On April 20, energized Life Sciences professionals gathered near Philadelphia to talk about Salesforce at a Life Sciences Dreamin’ Lunch and Learn. It felt like a wonderful return to in-person collaboration after a few years of Zoom and webinars.
I was joined by a panel of 4 other experts in the Salesforce and Life Sciences spaces. Together, we discussed many topics, including the news of Veeva transitioning off of the Salesforce platform, how we think Chat GPT, AI, and other conversational User Interfaces are going to change the way we work, and how we think regulatory bodies are going to meet the challenges brought by new technologies. From this lively discussion, I think there are three big themes.
Achieving innovation in highly regulated environments
It is often discussed how COVID changed the world. For the Life Sciences industry, it hit the accelerator on how quickly new drugs and vaccines could get to market. Watching this life-saving medication break the speed limit inspired many to wonder what else is possible.
In the world of Pharma and MedTech, it can be very tricky to achieve the fast-paced innovation we see in less regulated industries. However, with some creativity and the right partners, it’s possible to create novel ways of treating patients, going to market, and discovering new treatments. We discussed how Salesforce is helping life sciences organizations modernize how they do trial recruitment, build partnerships, and gather insights.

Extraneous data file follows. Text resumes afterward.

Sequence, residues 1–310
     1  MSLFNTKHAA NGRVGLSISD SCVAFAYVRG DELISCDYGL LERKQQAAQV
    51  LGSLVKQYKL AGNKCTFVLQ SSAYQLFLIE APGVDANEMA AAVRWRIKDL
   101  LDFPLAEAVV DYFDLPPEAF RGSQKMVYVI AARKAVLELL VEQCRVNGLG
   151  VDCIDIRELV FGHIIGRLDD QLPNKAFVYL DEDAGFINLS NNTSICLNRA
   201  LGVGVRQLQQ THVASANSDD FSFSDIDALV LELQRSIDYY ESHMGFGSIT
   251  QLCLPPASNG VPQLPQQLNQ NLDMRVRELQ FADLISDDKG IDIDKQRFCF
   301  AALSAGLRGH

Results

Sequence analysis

Meeting users where they are
In the world of Life Sciences, many who live in it agree that it often moves at a glacial pace. During the conversation, one attendee remarked that she still logs calls as she did in the early 90s. Another remarked that she sees many Life Sciences organizations still using Salesforce Classic.
This slow pace of evolution for users is really painful. Technology is advancing all around them, and they feel left behind at work. This pain is worsened by implementing new tools with poor change management, no time for learning, and no consideration of how people want to work. When you put all this together, you get exhausted users. We discussed how Salesforce could improve onboarding new team members, managing company policies around adopting new tools like ChatGPT, and the benefits of continuous delivery of new features.
Productivity and the future of work
Much of our discussion centered around AI, Large Language Models, and Conversational user interfaces. To break it down into less technical terms: we are entering an era where we can talk to systems, and they will talk back to us. In a highly regulated industry, this might seem like a pipedream, but a wave of change is coming, and we all want to learn to ride it. Just this last week at Salesforce World Tour D.C., they demoed Einstein GPT, which allows admins to build flows by asking Salesforce a question. We are all exploring how these new tools will change how we implement Salesforce and, more than that, how our users work.
In conclusion, it felt really amazing to be back together in person. During our discussion, it often felt that we all had more big questions than answers, but it is a very exciting time to be working with Salesforce and Life Sciences organizations.
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